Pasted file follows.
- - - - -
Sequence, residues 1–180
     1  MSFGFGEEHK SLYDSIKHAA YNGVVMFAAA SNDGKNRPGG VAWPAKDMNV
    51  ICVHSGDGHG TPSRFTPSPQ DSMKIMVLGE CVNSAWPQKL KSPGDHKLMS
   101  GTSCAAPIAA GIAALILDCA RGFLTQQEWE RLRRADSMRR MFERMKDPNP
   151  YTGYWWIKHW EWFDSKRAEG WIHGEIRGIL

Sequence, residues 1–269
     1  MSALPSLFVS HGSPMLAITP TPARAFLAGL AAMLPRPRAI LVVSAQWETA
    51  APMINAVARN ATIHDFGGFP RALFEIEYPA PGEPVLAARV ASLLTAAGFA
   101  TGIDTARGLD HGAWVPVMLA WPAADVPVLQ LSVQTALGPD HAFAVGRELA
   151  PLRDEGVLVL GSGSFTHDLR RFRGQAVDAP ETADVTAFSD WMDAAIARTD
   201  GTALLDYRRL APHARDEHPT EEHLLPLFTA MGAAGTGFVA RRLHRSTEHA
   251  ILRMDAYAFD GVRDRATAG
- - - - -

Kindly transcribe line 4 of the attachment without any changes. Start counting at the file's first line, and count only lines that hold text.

   101  GTSCAAPIAA GIAALILDCA RGFLTQQEWE RLRRADSMRR MFERMKDPNP